Oh, heeeeeyyyy, Wool, long time no read! You can stop giving me that pointed Look from the middle of my giant work-based TBR pile, now, although I will be sad to be sending you back to your home library, where it will be more difficult for me to foist you onto unsuspecting readers.
“The Stranded” (The Stranded?) is the final, novel-length installment of what we’re apparently calling book one of the Silo Series, because that’s not confusing at all. And it is chock-full of people and places and stories and craziness to rival those first four installments, don’t you worry. Let’s see what we can make of it.
So we ended the last story with our friends in the main silo headed off to war with themselves because of secrets and treachery, and this one picks up pretty shortly thereafter, with the war all but decided in favor of the secret-keepers. The Jerk Dude in Charge is training up an apprentice to join him in jerky in-charge-ness, but of course said apprentice, Lukas, is infatuated with our good friend Juliette, who is sitting pretty in a second silo plotting her revenge and having illicit phone conversations with Lukas while the boss is away. Meanwhile, the soon-to-be losers of the war have built a radio that is receiving all sorts of transmissions, and the isolation of their silo is clearly not going to last much longer.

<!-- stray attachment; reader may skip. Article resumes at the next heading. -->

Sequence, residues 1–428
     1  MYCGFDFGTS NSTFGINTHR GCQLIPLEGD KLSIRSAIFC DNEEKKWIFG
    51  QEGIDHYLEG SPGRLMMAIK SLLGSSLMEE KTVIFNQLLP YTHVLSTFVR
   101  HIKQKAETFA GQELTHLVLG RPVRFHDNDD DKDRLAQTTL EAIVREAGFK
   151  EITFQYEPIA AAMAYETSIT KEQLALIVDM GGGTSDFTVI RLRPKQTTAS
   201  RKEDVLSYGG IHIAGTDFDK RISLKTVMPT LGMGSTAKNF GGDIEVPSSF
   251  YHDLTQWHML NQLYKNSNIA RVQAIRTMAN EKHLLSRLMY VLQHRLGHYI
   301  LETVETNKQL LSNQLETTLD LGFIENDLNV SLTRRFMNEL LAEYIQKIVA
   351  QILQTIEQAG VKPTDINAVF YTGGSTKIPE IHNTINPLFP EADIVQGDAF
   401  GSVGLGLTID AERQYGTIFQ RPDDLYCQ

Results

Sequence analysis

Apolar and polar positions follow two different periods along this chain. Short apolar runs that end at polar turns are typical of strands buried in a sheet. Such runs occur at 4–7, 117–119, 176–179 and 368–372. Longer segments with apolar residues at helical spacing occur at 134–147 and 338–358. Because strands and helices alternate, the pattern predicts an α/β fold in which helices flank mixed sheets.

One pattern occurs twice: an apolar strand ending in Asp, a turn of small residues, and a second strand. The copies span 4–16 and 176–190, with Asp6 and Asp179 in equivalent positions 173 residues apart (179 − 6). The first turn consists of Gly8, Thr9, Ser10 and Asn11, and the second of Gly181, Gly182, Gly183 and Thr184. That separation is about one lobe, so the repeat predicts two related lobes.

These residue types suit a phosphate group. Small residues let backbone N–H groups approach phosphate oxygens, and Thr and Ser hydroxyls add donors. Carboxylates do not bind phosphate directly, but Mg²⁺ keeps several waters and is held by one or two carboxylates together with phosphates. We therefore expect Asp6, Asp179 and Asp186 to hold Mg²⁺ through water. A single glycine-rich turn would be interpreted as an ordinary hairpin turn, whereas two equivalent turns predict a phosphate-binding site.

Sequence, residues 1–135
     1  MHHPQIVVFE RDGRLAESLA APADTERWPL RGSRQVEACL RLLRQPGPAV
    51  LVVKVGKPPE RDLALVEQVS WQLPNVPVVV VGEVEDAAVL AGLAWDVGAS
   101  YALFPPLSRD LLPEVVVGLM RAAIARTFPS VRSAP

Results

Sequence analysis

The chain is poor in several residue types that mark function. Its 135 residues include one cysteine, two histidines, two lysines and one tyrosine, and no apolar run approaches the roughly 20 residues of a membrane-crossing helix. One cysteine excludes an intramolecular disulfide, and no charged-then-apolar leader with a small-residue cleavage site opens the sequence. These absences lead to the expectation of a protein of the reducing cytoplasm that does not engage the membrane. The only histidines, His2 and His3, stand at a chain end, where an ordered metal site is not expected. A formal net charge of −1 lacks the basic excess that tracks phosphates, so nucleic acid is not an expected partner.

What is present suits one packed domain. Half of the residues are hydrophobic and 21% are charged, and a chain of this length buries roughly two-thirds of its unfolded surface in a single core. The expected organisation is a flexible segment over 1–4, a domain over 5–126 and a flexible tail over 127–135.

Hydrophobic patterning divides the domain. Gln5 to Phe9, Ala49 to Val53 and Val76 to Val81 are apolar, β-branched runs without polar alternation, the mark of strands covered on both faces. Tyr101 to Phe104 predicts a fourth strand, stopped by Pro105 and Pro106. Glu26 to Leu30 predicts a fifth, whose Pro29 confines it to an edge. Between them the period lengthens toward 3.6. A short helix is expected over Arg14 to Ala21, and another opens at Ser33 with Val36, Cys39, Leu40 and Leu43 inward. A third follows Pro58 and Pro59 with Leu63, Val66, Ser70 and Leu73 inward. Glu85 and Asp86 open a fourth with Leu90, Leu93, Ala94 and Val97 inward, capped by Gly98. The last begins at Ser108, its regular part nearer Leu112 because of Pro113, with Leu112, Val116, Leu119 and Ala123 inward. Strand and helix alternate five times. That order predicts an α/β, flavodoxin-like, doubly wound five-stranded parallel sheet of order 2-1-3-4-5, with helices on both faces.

This story was a pretty good conclusion to this… story… (criminy, Howey!), with lots of questions more or less answered and just enough questions raised or outstanding to set the stage for the next series. It was a bit overlong, with some scenes seeming repetitive and others not seeming to advance the plot much (though who knows with all the stories left to tell), but I wasn’t too sad about spending the extra time with Juliette and Lukas and even, to a certain extent, Bernard aka Jerk Dude. I felt like Howey did a good job of explaining just why Bernard was such a jerk and how jerk-ful-ness might actually be a useful skill in this very strange world and I even found myself a little annoyed with the naïveté of our ostensible heroes, which I think is good writing.
I am very intrigued to see where this story goes with the Shift series, though I am not in any rush to go out and get those stories; my brain is content to sit and think about this set for a while first.
Recommendation: Absolutely go read the first story, right now, go do that, and then read the rest of the series if you’re interested in a different, deeper, world-building experience.